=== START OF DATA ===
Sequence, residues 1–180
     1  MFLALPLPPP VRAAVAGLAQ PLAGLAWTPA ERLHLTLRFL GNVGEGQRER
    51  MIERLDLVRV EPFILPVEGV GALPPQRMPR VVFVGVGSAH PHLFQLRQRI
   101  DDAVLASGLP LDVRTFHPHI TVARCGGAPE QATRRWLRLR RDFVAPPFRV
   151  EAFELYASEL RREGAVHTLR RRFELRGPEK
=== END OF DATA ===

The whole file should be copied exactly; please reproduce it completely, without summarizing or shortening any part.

Sequence, residues 1–180
     1  MFLALPLPPP VRAAVAGLAQ PLAGLAWTPA ERLHLTLRFL GNVGEGQRER
    51  MIERLDLVRV EPFILPVEGV GALPPQRMPR VVFVGVGSAH PHLFQLRQRI
   101  DDAVLASGLP LDVRTFHPHI TVARCGGAPE QATRRWLRLR RDFVAPPFRV
   151  EAFELYASEL RREGAVHTLR RRFELRGPEK